School is back in session for students and for hackers

Nick Gonzalez
September 30, 2020 | 3 min read | Cybersecurity Strategy, Trending Topics

School is back in session for students, staff, and unfortunately for hackers too. Schools have not been in session for an entire month, yet September has seen a number of attacks launched against the EDU system.

Earlier this month, Hartford Public Schools, one of the largest public schools in Connecticut, with more than 18,000 students from pre-K through the 12th grade, suffered a ransomware attack. This attack was called “the most extensive and significant” cyberattack to hit the city in the last five years, according to Hartford Mayor Luke Bronin. He went on to report that more than 200 of the city’s 300 computer servers were affected.

In August, Clark County Schools reported a similar incident during its first week of school and it’s believed that current and former employees may have had their personal information compromised. And in June, The University of California, San Francisco School of Medicine servers were hit with a ransomware attack. They paid 1.4 million dollars to obtain a key to unlock encrypted files and copies of the stolen documents.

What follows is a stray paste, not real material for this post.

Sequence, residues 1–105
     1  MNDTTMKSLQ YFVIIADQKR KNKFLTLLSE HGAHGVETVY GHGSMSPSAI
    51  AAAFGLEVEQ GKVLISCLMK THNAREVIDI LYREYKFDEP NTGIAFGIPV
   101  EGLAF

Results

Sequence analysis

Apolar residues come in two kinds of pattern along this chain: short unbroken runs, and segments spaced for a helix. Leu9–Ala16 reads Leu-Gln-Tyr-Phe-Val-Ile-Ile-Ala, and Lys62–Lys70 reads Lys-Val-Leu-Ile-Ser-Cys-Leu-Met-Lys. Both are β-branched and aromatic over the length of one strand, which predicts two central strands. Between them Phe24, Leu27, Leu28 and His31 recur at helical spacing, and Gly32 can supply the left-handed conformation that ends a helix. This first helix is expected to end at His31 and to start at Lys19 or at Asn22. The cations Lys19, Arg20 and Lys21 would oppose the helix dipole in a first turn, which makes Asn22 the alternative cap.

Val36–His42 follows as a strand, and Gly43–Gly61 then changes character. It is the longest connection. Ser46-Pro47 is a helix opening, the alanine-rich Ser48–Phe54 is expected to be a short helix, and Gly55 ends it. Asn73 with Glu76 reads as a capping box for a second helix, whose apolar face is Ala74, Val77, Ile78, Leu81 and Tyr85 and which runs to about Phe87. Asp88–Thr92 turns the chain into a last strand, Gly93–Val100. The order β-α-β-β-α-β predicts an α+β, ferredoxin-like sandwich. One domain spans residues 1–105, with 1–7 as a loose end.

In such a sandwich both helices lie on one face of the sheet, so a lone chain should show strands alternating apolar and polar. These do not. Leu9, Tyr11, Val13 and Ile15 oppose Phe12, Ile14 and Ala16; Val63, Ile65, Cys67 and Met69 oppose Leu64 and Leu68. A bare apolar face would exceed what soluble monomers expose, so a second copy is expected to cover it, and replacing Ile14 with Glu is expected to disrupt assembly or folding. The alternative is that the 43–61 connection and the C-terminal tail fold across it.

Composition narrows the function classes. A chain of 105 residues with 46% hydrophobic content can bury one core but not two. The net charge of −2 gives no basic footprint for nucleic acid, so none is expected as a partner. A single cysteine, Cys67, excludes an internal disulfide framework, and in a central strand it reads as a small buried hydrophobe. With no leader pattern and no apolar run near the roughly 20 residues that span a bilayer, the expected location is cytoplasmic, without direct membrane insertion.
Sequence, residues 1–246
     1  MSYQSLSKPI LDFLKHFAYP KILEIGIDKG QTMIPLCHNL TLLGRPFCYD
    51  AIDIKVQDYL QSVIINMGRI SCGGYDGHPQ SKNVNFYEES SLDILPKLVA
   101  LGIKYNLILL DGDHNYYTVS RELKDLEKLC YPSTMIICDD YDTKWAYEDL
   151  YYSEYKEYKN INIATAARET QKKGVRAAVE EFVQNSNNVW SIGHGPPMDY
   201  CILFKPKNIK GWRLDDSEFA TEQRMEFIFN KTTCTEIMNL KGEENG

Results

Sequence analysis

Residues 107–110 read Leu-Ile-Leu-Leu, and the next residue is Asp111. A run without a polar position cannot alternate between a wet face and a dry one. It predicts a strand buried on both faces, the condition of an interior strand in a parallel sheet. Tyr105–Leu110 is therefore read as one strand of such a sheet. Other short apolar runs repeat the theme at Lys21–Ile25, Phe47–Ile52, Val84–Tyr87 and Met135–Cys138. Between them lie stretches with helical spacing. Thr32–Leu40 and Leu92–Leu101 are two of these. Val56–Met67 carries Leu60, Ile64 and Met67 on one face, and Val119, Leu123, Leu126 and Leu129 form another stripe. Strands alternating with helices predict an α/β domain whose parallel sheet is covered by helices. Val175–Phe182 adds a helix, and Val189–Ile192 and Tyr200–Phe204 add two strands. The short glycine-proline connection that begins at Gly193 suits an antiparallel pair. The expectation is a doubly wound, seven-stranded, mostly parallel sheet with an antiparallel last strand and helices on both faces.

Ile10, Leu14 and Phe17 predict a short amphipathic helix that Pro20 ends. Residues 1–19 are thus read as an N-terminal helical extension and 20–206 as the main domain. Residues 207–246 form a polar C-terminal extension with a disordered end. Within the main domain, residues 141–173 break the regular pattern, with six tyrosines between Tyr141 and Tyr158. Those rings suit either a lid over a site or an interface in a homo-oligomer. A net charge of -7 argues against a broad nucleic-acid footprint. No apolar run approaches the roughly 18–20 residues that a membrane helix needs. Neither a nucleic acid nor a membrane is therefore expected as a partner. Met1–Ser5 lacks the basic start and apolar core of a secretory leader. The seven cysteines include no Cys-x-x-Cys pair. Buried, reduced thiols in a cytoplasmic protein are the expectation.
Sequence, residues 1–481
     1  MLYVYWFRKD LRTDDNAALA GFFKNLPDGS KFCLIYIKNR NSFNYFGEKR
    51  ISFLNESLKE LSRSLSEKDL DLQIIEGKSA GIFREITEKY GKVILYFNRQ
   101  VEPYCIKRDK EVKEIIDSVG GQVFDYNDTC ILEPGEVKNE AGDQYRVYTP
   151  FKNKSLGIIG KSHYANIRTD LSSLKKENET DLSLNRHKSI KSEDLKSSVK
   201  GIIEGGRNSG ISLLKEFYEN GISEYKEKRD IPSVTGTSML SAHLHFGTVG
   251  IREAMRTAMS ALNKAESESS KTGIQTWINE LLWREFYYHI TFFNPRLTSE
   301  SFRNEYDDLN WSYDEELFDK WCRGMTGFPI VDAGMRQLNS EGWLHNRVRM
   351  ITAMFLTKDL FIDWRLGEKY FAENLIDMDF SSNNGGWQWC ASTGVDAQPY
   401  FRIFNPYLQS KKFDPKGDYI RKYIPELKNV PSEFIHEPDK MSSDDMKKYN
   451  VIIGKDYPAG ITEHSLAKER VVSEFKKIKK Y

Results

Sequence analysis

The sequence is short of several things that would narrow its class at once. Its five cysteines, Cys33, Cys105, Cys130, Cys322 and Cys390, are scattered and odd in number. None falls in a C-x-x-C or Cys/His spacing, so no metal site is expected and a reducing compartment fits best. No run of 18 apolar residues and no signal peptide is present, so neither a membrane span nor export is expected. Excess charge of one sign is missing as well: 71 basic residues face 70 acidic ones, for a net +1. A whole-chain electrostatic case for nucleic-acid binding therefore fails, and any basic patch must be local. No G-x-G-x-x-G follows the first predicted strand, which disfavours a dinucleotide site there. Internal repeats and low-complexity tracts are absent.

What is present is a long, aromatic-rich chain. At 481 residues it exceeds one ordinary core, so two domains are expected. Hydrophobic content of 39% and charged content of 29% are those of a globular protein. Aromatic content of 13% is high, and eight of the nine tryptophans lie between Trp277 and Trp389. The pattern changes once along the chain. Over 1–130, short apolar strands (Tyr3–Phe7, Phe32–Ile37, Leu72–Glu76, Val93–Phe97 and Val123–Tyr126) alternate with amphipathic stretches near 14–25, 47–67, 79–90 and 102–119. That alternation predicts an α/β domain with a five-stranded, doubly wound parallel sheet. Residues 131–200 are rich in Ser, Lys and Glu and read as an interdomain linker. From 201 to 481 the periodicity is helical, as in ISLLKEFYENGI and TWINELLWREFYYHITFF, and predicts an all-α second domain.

So why are school systems such big targets for hackers? School systems often lack critical resources and budget for information security, signaling to would-be attackers that defenses aren’t as strong as they should be. At the same time, schools store valuable Personally Identifiable Information (PII) for large numbers of students, teachers, and administrators. Weak defenses and valuable data mean low hanging fruit for adversaries.

Though schools might be understaffed and underfunded, there is some light at the end of the tunnel. By leveraging AI and automation, CISOs and IT staff running school districts can overcome these challenges and take a proactive, risk-based approach to prevent these attacks.

At Balbix, we’re committed to helping organizations continuously assess their cybersecurity posture to protect against ransomware, and many other types of attacks. By quantifying and prioritizing risk, you can ensure that your infosec team is focused on those tasks that will have maximum impact on risk reduction, resulting in a more efficient and effective team.

If you want to learn more about how to prevent ransomware, I recommend that you download 8 Steps to Prevent Ransomware.

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